The Greek economy shrank by 1.1 percent from the fourth quarter of 2015 to the fourth quarter last year. Earlier estimates showed a decline of 0.4 percent.
The new figures were put forward by Greece's statistical office Monday. The revised figures not only show a far greater decline on an annual basis, but also that GDP shrank by 1.2 percent from the third to the fourth quarter last year.
This means that Greece last year was in recession for the eighth consecutive year.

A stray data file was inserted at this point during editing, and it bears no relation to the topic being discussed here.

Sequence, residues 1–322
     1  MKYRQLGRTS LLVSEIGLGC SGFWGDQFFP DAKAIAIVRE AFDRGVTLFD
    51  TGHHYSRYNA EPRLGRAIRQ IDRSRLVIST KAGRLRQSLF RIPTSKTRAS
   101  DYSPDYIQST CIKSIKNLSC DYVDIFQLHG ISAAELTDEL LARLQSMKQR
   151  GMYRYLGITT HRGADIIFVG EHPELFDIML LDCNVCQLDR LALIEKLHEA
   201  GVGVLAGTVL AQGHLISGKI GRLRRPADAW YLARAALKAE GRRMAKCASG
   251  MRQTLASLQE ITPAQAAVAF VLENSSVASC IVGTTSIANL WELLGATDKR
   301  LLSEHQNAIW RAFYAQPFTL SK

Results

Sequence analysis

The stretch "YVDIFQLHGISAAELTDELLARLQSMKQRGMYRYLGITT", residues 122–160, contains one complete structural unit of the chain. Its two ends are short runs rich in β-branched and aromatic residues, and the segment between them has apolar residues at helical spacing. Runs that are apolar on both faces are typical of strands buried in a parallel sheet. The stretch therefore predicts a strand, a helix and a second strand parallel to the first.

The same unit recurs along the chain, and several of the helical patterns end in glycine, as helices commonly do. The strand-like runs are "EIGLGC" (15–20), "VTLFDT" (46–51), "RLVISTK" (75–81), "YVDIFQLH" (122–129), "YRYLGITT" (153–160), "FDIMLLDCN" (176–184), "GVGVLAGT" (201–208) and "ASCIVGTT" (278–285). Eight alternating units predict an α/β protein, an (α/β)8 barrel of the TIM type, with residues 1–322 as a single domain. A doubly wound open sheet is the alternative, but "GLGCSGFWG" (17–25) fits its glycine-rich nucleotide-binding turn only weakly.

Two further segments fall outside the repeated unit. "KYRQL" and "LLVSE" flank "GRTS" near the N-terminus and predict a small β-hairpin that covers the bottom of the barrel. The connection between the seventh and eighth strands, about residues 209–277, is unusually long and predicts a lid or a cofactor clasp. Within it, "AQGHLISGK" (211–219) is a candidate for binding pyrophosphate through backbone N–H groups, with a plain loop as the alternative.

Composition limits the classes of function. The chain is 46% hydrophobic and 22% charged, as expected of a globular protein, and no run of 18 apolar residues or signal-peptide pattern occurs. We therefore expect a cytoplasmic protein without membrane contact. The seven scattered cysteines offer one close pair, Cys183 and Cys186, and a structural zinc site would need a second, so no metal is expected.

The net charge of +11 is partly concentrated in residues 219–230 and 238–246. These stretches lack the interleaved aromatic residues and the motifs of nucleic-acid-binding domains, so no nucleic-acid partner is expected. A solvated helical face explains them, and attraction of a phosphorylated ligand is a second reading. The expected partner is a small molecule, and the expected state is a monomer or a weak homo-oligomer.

Greece is now in new negotiations with its creditors in order to get a new disbursement of the emergency loan before installments of the country's enormous debt is due in July.
The EU and International Monetary Fund (IMF) has long been on a collision course when it comes to whether Greece needs debt relief to generate economic growth so that the debt can be repaid. As long as the Greek economy is in deficit, the debt is growing.
The IMF states that the EU's plan for Greece is too ambitious, but the other countries in the eurozone support the plan. IMF requires higher taxes and pension cuts before it will lend more money to Greece, which the Greek government opposes.
READ: Rothschild takes over Greece's finances
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